Enter the iPad

6.7.2013 Roberto Arduous

The fact that netbooks aren’t distinct from everything we already know is where the iPad plays its double aces, it differs from all of the above in a number of important ways. First of all the form factor is so ‘new’. It is not built to be a smaller Macbook, or even a variation of it, hell it doesn’t resemble any sort of laptop at all in its design. This makes a huge difference in how users physically utilize the device, since its design is fashioned to make people hold it close to them, rather than use it at arms length on a desk or their lap. In this way, the device becomes more an extension of the user, rather than the user-companion relationship we’ve gotten used to over the years. That might sound weird, as if I’m romanticizing a machine but just at how many young people ‘love’ their phones, how they ‘feel’ about them. They carry their ‘extensions’ with them wherever they go, always have it out and usually sleep with it in their hands. They use it connect with their friends or others in the outside world and it becomes an extension or a integral part of their personality. I doubt many people feel the same way about their laptops or netbooks in the same, personable way. The form factor of the iPad puts it in a space which has much more in common with the mobile phone and PDAs than with any traditional computer operating system, be it laptops too. With just an ounce of foresight, I can very easily say that there will be a time when people treat their tablets the way we do our phones today. For schools and other teacher-learner establishments, this could mean learners would relate to their iPads differently, wanting to look after it and due to the design, I doubt any of these will be thrown or even passed around.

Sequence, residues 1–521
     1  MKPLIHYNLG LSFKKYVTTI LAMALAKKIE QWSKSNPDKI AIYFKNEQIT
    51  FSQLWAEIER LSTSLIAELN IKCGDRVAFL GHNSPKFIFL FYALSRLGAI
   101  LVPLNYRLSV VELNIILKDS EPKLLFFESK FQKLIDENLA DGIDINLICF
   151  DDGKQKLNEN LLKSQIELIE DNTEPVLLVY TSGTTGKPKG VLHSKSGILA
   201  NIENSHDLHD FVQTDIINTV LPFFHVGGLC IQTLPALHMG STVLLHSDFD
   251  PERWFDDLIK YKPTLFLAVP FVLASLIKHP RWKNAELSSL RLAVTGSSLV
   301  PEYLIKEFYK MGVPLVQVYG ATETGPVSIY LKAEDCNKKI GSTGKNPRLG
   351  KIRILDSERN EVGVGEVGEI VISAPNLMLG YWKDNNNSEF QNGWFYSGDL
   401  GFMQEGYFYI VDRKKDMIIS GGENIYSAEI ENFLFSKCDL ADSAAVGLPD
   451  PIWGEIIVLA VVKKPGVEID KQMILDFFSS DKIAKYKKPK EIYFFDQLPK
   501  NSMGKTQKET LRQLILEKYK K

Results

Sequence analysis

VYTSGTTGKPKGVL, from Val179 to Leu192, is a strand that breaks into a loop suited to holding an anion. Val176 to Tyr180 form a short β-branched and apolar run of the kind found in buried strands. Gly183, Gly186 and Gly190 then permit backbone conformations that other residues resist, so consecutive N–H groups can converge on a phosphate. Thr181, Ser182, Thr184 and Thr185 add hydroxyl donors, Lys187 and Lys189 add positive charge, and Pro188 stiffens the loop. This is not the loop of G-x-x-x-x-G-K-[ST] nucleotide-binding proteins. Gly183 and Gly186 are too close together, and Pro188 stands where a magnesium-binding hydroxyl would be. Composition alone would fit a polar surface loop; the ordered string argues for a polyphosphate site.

Form Factor of the iPad

There are a few aspects of the form factor, the sheer aesthetic delight of the iPad/other tablets that make it distinct from a netbook. The iPad is a ‘one plane’ device meaning that there aren’t any vertical and horizontal planes like a netbook. This means that the screen of the device does not act as a buffer-zone or a barrier between the user and the device. The learner and the teacher are not separated by the physical barrier any more; the screen enables group work so that means teachers and learners alike can work on the same task in unison. This is key to the whole process since it means that eye contact is much more easily maintained. Also there is the added bonus of the keyboard being on the screen, meaning a keyboard and display are integrated and this shortens the distance between input and display viewing. The days of looking from a horizontal keyboard to a vertical screen are over!



A second, but in this writers opinion; a more important difference is the operating system of the iPad.


Apple opted to separate desktop/laptop operating systems and purely mobile oriented devices in the way they operate. Rather than try to run a desktop class Operating System (OS) on a mobile device, Apple has written up and OS which is designed specifically for mobile devices and is optimized for nothing but.


The system requirements differ from a desktop based system and a mobile based system. The most obvious reason for this is the constant power supply of grounder systems and the culture of always being in the vicinity of a power outlet, which is associated with the laptop culture. Due to the fact that mobile devices can’t always be in need of a outlet, battery life is one of the key issues for them.

So as a result we have an OS on the iPad that has no extraneous desktop code, making more agile and suitable for lower operating requirements, meaning that these devices have added battery life. They are also able to take advantage of functionality offered by mechanisms such as accelerometers and figure gesture for input, sliding your finger around instead of actually pushing down

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